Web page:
) There is growing appreciation that prenatal and postnatal environmental factors shape our health later in life. One of the most profound environmental factors that the developing lung will ever experience is oxygen as it transitions at birth from a fetal to air environment. While the term lung is prepared to breathe oxygen, the preterm lung transitions into air too soon and is often exposed to excess oxygen used to maintain appropriate oxygen saturations. This aberrant oxygen exposure at birth increases the risk for long-term lung disease through poorly understood mechanisms. Our laboratory developed and uses a unique mouse model designed to understand how high levels of oxygen at birth increases the severity of influenza A virus (IAV) infections in adults. Studies conducted during the previous funding period established that neonatal hyperoxia accelerates proliferation of alveolar epithelial type 2 cells (AEC2s), that these cells are slowly depleted when mice return to room air, and that the loss of AEC2s contributes to fibrotic lung disease when the mice are infected with IAV. This proposal builds on these findings by investigating how the oxygen-dependent depletion of AEC2s enhances the severity of IAV infections. Using genetic lineage studies, we found that neonatal hyperoxia depletes AEC2s by stimulating their differentiation into alveolar epithelial type 1 cells (AEC1s), neonatal hyperoxia enhances death of AEC1s during IAV infection, and that many AEC1s in adult mice exposed to neonatal hyperoxia express Ki67, a proliferation marker traditionally used to mark cancer progression. Recent studies however show Ki67 does not regulate cell proliferation but rather modifies gene expression via its ability to organize heterochromatin. Because proliferating cells are hypersensitive to the genotoxic effects of hyperoxia and damaged cells can transmit that experience thorough epigenetic inheritance, we will test the hypothesis that neonatal hyperoxia enhances sensitivity to IAV infection by inducing Ki67-dependent epigenetic changes in proliferating AEC2s that are maintained when they differentiate into AEC1s.
Aim 1 uses novel Ki67-reporter and Ki67-null mice to determine whether AEC2s that proliferate during neonatal hyperoxia produce AEC1s that are marked by persistent Ki67 expression.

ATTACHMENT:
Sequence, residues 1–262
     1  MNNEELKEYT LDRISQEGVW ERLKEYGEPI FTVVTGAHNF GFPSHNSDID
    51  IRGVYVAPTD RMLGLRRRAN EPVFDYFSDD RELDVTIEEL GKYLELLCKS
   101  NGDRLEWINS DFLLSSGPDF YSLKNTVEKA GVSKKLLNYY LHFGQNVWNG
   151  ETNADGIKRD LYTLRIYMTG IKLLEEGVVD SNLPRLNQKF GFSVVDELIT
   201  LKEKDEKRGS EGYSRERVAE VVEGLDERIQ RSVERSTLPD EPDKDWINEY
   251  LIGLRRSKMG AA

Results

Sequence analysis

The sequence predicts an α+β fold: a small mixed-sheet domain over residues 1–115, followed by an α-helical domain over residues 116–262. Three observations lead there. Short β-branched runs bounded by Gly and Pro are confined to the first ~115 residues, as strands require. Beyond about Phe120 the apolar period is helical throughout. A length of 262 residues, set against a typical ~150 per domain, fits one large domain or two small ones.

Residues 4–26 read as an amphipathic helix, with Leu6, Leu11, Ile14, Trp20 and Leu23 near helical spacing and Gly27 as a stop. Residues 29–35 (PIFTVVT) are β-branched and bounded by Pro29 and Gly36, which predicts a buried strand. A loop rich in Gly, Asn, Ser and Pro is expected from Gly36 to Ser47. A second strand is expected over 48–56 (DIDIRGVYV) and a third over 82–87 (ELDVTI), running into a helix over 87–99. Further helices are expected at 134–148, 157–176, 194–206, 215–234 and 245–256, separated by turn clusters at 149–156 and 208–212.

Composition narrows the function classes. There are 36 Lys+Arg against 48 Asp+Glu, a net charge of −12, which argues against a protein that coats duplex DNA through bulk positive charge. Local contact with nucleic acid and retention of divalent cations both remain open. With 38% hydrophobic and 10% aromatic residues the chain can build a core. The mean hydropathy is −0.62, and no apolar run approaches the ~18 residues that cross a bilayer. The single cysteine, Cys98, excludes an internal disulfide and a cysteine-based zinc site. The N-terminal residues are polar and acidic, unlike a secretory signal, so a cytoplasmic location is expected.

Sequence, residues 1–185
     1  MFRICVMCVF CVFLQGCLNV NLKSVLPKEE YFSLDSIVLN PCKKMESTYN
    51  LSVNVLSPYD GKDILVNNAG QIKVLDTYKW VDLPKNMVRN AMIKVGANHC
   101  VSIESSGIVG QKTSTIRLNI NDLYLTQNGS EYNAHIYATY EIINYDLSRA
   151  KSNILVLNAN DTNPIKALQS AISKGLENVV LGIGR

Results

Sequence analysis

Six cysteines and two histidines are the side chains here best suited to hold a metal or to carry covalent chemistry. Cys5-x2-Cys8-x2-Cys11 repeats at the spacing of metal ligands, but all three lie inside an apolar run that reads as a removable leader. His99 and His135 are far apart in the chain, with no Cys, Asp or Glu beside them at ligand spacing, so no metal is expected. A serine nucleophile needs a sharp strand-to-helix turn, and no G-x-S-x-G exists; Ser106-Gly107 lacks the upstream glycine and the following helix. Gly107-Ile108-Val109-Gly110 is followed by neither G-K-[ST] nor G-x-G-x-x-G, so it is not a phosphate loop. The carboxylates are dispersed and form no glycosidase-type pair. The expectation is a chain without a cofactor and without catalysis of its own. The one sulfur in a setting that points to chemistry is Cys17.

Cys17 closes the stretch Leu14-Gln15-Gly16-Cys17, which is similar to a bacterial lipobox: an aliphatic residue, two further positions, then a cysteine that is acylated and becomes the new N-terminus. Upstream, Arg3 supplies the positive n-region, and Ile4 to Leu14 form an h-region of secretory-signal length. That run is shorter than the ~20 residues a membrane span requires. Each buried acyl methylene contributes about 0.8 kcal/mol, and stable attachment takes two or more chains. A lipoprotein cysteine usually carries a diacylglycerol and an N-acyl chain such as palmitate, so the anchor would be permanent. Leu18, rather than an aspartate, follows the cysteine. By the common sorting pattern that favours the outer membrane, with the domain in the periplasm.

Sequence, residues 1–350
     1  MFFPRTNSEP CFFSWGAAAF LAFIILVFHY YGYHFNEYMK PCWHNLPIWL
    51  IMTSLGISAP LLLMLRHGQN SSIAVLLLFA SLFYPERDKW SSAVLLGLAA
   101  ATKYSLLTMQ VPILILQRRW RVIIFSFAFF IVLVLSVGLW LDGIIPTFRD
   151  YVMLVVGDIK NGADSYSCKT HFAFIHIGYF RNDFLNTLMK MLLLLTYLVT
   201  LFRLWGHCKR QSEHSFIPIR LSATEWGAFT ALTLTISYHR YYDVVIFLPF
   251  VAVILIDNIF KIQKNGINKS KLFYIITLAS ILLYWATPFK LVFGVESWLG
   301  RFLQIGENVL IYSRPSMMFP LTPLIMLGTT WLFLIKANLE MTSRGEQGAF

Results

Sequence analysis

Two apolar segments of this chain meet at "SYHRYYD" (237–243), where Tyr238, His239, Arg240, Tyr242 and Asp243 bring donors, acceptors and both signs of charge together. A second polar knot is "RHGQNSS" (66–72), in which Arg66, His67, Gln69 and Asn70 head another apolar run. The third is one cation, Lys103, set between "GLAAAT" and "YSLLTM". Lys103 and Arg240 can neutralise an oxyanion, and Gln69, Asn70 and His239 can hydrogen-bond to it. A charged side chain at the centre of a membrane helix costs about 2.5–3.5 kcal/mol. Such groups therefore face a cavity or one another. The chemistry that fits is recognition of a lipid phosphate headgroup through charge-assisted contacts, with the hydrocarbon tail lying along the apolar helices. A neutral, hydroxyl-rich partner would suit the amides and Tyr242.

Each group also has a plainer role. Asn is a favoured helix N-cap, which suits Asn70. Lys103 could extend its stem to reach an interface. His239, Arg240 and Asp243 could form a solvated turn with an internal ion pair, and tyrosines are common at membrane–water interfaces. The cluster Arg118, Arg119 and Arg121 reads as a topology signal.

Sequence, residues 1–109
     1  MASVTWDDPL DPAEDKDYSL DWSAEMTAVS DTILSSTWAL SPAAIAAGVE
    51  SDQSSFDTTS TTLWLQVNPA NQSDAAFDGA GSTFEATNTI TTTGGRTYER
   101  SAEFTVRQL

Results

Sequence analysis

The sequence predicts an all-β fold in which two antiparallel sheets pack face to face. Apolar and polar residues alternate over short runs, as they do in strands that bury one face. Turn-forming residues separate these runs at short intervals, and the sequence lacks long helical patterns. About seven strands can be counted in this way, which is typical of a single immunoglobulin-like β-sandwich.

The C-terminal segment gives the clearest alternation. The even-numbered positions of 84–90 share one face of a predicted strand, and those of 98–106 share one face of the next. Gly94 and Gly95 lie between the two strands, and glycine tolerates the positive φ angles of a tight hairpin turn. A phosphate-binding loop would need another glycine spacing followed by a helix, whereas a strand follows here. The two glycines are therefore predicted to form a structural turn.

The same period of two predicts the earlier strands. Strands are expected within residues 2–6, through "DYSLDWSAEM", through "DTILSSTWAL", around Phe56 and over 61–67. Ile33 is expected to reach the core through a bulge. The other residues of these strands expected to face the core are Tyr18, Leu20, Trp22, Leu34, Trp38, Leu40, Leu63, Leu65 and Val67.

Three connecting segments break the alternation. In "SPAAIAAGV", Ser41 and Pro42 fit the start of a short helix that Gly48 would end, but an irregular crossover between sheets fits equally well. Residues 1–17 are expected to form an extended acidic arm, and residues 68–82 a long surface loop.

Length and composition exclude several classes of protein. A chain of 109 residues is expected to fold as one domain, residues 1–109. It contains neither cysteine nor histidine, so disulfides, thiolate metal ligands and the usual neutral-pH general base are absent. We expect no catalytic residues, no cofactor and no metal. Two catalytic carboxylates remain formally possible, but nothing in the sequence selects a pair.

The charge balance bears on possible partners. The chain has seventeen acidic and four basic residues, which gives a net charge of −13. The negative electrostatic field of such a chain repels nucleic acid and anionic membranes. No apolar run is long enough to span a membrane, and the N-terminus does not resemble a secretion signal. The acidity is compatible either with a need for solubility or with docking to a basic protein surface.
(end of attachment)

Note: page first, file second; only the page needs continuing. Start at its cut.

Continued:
Aim 2 infects these mice with recombinant strains of IAV-expressing fluorescent protein used to determine whether Ki67 modifies how AEC1s respond to IAV infection.
Aim 3 uses cell-specific deep RNA sequencing and chromatin immunoprecipitation to determine whether Ki67 modifies a subset of oxygen-dependent changes in gene expression and that these changes help explain why AEC1s are susceptible to IAV infection. Understanding how neonatal hyperoxia shapes how AECs respond to IAV infection in mice is important because the scientific discoveries will stimulate development of therapies designed to improve the health of people born preterm.

Public Health Relevance

/ RELEVANCE TO PUBLIC HEALTH Preterm infants are often exposed to an inappropriate oxygen environment at birth that causes persistent lung disease later in life through poorly understood mechanisms. This application uses a unique mouse model to understand how excess oxygen at birth alters lung development and the host response to influenza A virus infection. The research is important because the scientific discoveries could stimulate development of new therapies designed to improve health of people born preterm.

National Institute of Health (NIH)
National Heart, Lung, and Blood Institute (NHLBI)
Research Project (R01)
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Study Section
Lung Injury, Repair, and Remodeling Study Section (LIRR)
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Natarajan, Aruna R
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University of Rochester
School of Medicine & Dentistry
United States
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Morris-Schaffer, Keith; Sobolewski, Marissa; Welle, Kevin et al. (2018) Cognitive flexibility deficits in male mice exposed to neonatal hyperoxia followed by concentrated ambient ultrafine particles. Neurotoxicol Teratol 70:51-59
Yee, Min; Cohen, Ethan David; Domm, William et al. (2018) Neonatal hyperoxia depletes pulmonary vein cardiomyocytes in adult mice via mitochondrial oxidation. Am J Physiol Lung Cell Mol Physiol 314:L846-L859
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